The price transparency trap
The government's new rules will have little impact on consumer behavior
A 73-year-old woman recently injured her back lifting a large flowerpot. Day by day, her pain grew worse. On day five, she began vomiting what little food she’d been able to swallow.
When her dry heaves continued for an hour with no signs of abating, her frantic husband called 911. The EMTs arrived within minutes to rush her to the nearest hospital, ignoring the husband’s plea to take her to a different hospital a few minutes farther away where her primary care provider practiced.
Though the ER wasn’t busy, it took two hours before she saw a nurse. Over the next five hours, she received intravenous fluids, several imaging tests and a physician consultation. She returned home with several prescriptions, including an opioid for the pain. The diagnosis was severe sciatica, which would take anywhere from several weeks to several months to resolve.
A little over a month later, she received her Medicare billing statement. The $3,532 for the ER visit and $3,264 for the CT scan led a long list of charges that totaled $12,164. Medicare paid $264, $188 and $716, respectively, for those services.
Now, two-and-a-half months after the event, she’s back to normal (thanks in part to the new stretching exercises she’s added to her morning routine). She and her husband are awaiting a final statement resolving any disputes between her supplemental insurance plan and the hospital.
I recount this story not to illustrate the ridiculously high hospital charges or the surprisingly low Medicare payment rates, but to show why the hospital price transparency rules that just went into effect are largely irrelevant to most peoples’ experiences with the healthcare system. The presumption behind price transparency is that empowered patients will use the information to shop for services, thus allowing the magic of the marketplace to drive down the cost of care.
But, as this older woman’s experience suggests, few hospital encounters are shoppable. Nearly 20% of the more than 400,000 people who visit the ER each day wind up getting admitted, and those cases account for about 70% of all hospital admissions.
No excuses for opposing transparency
That’s no excuse for the hospital industry’s aggressive opposition to price transparency. They had no problem with the original requirement contained in the 2010 Affordable Care Act, which only required publication of their so-called chargemaster rates. Almost no one (except the uninsured before they head off to bankruptcy court) pays those inflated prices. Medicare and Medicaid pay a fraction of those rates. Private insurers also negotiate steep discounts, although they still pay anywhere from 60% to 250% of Medicare rates.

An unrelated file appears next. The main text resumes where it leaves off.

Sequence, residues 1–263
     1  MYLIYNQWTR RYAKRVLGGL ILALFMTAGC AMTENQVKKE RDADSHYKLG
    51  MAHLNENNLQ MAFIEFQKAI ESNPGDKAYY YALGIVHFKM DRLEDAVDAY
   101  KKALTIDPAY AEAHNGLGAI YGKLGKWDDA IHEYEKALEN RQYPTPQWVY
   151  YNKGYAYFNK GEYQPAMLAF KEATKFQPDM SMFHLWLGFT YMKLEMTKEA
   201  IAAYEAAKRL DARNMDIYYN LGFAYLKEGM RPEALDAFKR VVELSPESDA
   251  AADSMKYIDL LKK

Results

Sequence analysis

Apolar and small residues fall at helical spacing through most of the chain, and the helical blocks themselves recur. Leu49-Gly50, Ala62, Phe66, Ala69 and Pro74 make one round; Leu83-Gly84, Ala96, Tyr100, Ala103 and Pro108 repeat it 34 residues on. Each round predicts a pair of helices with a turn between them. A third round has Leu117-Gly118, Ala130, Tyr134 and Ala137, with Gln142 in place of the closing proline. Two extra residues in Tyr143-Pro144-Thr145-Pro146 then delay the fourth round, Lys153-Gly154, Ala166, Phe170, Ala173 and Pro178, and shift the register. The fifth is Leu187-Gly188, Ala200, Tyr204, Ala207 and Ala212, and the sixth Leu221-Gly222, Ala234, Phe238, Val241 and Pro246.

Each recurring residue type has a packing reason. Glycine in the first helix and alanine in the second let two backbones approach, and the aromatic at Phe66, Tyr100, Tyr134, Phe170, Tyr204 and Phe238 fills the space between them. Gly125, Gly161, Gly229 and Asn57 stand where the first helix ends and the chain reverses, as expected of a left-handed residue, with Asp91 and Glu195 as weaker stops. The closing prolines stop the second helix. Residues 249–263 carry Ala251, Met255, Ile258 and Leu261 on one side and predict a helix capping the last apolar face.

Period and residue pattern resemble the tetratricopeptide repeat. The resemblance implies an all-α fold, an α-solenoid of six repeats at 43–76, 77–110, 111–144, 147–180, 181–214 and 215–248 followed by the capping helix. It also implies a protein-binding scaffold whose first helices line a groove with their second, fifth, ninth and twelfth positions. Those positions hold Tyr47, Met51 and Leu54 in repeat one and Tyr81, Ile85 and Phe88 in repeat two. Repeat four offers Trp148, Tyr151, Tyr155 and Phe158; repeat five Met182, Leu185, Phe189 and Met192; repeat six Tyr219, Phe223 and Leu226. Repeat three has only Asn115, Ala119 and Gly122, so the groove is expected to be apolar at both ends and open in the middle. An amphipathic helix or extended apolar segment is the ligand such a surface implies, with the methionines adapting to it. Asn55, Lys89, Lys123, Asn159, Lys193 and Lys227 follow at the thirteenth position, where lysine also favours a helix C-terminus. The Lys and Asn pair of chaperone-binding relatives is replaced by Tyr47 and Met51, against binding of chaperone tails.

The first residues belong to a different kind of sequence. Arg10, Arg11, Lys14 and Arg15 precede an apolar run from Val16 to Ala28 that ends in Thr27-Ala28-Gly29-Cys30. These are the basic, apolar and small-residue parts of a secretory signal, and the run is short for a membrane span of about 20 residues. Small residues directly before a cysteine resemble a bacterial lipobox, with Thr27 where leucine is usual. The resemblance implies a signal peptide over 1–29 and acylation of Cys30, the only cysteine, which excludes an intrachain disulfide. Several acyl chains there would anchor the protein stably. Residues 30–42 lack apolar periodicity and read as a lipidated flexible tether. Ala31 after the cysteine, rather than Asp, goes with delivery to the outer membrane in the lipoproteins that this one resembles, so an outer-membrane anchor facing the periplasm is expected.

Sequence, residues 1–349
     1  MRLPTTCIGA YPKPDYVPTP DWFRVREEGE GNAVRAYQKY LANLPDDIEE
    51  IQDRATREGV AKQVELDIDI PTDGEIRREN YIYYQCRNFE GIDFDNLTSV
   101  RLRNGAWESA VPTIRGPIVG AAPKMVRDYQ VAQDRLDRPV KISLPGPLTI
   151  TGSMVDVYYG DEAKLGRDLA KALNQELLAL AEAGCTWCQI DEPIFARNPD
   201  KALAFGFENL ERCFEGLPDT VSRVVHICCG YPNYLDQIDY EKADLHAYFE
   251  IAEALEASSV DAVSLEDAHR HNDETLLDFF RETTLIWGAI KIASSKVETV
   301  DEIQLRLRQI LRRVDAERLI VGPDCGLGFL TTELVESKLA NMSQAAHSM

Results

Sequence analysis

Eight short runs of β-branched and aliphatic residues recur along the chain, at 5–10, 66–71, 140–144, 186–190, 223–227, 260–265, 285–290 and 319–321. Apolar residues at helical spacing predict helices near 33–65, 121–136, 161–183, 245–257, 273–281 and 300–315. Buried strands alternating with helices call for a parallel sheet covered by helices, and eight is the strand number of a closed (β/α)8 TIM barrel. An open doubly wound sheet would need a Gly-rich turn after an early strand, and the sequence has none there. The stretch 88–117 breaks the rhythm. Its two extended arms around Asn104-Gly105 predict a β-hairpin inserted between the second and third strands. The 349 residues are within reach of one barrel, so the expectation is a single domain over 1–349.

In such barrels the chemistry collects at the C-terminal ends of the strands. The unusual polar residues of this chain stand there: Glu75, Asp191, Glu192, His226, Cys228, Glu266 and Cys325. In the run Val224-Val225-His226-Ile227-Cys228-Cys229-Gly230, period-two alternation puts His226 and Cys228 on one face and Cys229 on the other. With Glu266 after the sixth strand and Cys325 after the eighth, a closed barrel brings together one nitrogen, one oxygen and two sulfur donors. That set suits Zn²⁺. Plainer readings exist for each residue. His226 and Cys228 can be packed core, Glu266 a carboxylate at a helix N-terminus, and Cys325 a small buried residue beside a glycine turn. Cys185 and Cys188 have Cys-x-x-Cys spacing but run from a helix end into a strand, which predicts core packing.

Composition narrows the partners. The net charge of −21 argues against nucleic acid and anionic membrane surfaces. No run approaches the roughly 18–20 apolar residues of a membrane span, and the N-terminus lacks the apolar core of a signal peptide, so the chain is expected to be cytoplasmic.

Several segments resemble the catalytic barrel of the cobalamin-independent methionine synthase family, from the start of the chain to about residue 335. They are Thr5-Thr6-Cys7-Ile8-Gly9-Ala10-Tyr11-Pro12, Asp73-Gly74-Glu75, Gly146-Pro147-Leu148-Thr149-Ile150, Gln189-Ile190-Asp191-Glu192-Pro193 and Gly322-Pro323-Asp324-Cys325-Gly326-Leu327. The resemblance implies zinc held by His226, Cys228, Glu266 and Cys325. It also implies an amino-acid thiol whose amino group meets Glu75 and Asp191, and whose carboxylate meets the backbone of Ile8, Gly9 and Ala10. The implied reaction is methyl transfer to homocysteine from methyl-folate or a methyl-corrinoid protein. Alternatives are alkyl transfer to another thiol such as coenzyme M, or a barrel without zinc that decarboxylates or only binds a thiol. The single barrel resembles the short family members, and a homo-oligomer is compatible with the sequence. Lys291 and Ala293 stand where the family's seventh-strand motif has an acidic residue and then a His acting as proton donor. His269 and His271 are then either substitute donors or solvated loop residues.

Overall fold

But in 2019, the Trump administration upped the ante by requiring public reporting of not just the gross charges but the median rates negotiated by insurers with de-identified minimum and maximums rates. The requirement applied to 300 services considered shoppable, including most imaging and blood tests, orthopedic and cataract surgeries, colonoscopies and other procedures often performed at rival ambulatory surgical centers. The rule also required the rates be published in machine-readable formats so third-party developers could use the published rates to produce consumer-friendly shopping tools.
Last year the American Hospital Association filed suit to block the changes. A federal appeals court dismissed the AHA’s request for a stay and the new rule went into effect in January.
Their opposition didn’t stop there. Fierce Healthcare reported in early February that 30% of hospitals are not complying with the new rule, which isn’t surprising given that the penalty for non-compliance is only $300 a day. A Wall Street Journal investigation published in late March revealed a majority of large hospitals in the country initially deployed software code that made it impossible for consumers to find the price data using Google and other search engines.